Laurie Metcalf, Edward Albee's Three Tall Women
Laurie Metcalf could sure use some good news right now, and I think she will get some this Sunday when she wins for her work in Three Tall Women. She may be in a supporting category, but this is a lead role and she has received the reviews that support her win as Featured Actress.
Best Performance by an Actor in a Featured Role in a Musical
Norbert Leo Butz, My Fair Lady
Alexander Gemignani, Rodgers & Hammerstein's Carousel
Grey Henson, Mean Girls
Gavin Lee, SpongeBob SquarePants: The Musical
Ari'el Stachel, The Band's Visit
Another category with just too much talent to choose from, I wouldn’t be surprised to see any of these names come out of the envelope. In the end, I think it is a toss-up between Lee and Stachel, both giving very different types of performances. I think Lee has a slight edge with the popularity of his comedic brilliance in SpongeBob.
Best Performance by an Actress in a Featured Role in a Musical
Ariana DeBose, Summer: The Donna Summer Musical
Renée Fleming, Rodgers & Hammerstein's Carousel
Lindsay Mendez, Rodgers & Hammerstein's Carousel
Ashley Park, Mean Girls
Diana Rigg, My Fair Lady
Lindsay Mendez would be my guess for Best Actress in a Featured Role in a Musical, and why not? She’s paid her dues on Broadway several times over, she is playing a role that appears to be tailor-made for her talents, and she is fantastic.
Best Scenic Design of a Play
Miriam Buether, Edward Albee's Three Tall Women
Jonathan Fensom, Farinelli and The King
Christine Jones, Harry Potter and the Cursed Child, Parts One and Two
Santo Loquasto, Eugene O'Neill's The Iceman Cometh
Ian MacNeil and Edward Pierce, Angels in America
Harry Potter and the Cursed Childseems to be the one to beat in this category. It has a complex design, multiple locations, all seamlessly handled. It also just looks gorgeous.
Best Scenic Design of a Musical
Dane Laffrey, Once On This Island
Scott Pask, The Band's Visit
Scott Pask, Finn Ross & Adam Young, Mean Girls
Michael Yeargan, My Fair Lady
David Zinn, SpongeBob SquarePants: The Musical
A hard choice here: My Fair Lady is exquisite, evocative, and brilliantly uses the cavernous space of the Vivian Beaumont Theatre and manages to make it feel intimate. SpongeBob SquarePants: The Musical is such delicious, wacky fun, with creative ways of making the audience feel like they are actually underwater. I give the edge to Zinn’s underwater world.
Best Costume Design of a Play
Jonathan Fensom, Farinelli and The King
Nicky Gillibrand, Angels in America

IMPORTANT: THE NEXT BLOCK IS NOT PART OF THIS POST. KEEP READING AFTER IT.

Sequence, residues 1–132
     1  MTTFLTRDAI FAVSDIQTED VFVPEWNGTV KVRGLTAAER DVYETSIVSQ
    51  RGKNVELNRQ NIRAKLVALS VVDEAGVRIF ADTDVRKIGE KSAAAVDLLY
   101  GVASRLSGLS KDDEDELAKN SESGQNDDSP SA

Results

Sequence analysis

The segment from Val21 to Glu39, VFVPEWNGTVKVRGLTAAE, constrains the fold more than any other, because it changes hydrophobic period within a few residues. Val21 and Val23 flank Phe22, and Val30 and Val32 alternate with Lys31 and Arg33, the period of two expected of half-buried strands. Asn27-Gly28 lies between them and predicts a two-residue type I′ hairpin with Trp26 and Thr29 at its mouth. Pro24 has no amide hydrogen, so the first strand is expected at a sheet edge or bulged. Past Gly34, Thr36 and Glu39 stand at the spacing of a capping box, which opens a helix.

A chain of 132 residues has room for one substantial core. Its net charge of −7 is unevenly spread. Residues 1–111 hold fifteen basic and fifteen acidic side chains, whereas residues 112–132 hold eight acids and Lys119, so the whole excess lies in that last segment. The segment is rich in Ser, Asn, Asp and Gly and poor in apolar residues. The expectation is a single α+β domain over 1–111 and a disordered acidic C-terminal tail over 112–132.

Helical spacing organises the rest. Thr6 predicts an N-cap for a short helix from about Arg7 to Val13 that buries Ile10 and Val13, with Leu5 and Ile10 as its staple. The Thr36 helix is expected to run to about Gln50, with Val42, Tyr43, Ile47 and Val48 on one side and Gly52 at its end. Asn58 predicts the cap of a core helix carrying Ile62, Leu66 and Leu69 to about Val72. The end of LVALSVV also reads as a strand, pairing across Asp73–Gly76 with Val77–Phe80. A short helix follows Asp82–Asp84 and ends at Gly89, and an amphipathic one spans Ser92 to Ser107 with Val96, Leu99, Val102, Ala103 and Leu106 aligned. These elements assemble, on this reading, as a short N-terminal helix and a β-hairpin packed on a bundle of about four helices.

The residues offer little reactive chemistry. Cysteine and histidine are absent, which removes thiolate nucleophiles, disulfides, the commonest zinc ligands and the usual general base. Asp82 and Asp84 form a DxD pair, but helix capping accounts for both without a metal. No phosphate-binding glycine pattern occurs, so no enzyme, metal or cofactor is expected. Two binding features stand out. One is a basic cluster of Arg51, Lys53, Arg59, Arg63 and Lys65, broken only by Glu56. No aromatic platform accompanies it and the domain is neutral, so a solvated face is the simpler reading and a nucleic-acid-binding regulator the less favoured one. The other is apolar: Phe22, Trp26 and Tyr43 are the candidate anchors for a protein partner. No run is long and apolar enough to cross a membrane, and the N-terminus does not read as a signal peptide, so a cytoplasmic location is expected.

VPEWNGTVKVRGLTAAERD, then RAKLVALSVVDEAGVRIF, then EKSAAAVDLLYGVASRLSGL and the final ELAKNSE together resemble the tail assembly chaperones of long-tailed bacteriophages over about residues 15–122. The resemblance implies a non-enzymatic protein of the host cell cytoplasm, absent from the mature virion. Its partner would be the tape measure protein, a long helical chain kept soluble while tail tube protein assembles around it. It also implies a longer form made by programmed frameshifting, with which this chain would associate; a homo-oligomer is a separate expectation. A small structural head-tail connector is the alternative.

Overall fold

Katrina Lindsay, Harry Potter and the Cursed Child, Parts One and Two
Ann Roth, Edward Albee's Three Tall Women
Ann Roth, Eugene O'Neill's The Iceman Cometh
Harry Potter and the Cursed Child, once again, is a magical world and that ups the stakes on its costume needs. In many ways, its epic nature makes it like a musical, and it offers the designer an opportunity to be clever and creative in ways that more traditional plays do not. Expect Katrina Lindsay to be honored.
Best Costume Design of a Musical
Gregg Barnes, Mean Girls
Clint Ramos, Once On This Island
Ann Roth, Rodgers & Hammerstein's Carousel
David Zinn, SpongeBob SquarePants: The Musical
Catherine Zuber, My Fair Lady
Though I’d sure love to see the vibrant costumes of Once on this Islandwin this category, there is something very important about the structure of My Fair Ladythat makes Catherine Zuber most likely to win. My Fair Ladyis as much about the costumes as it is about the characters. Eliza Doolittle’s transition from flower girl to a refined lady relies on the visual transition of her wardrobe, the juxtaposition of her Cockney world against the world she strives to join. Have you ever seen a production of My Fair Lady with bad costumes? If you have, then you know what I am talking about. Their evolution is essential to the success of the piece. Zuber’s costumes also happen to be sublime perfection, so there is that.
Best Lighting Design of a Play
Neil Austin, Harry Potter and the Cursed Child, Parts One and Two
Paule Constable, Angels in America
Jules Fisher and Peggy Eisenhauer, Eugene O'Neill's The Iceman Cometh
Paul Russell, Farinelli and The King
Ben Stanton, Junk
I’m a terrible writer on lighting design, as are many theatre writers. The word "atmospheric" is often used as a go-to in order to say something about lighting, though never really speaking in specifics. Maybe lighting is too intangible for us to wrap our brains around. What I do know is that, when lighting is breathtaking, we know it. Paul Constable’s work on Angels in America is just that: breathtaking.
Best Lighting Design of a Musical
Kevin Adams, SpongeBob SquarePants: The Musical
Jules Fisher and Peggy Eisenhauer, Once On This Island
Donald Holder, My Fair Lady
Brian MacDevitt, Rodgers & Hammerstein's Carousel
Tyler Micoleau, The Band's Visit
Part of what really makes Bikini Bottom feel like it is fathoms below is the lighting design of Kevin Adams. SpongeBob SquarePants: The Musical owes much to his talent.
Best Sound Design of a Play
Adam Cork, Travesties
Ian Dickinson for Autograph, Angels in America
Gareth Fry, Harry Potter and the Cursed Child, Parts One and Two
Tom Gibbons, 1984
Dan Moses Schreier, Eugene O'Neill's The Iceman Cometh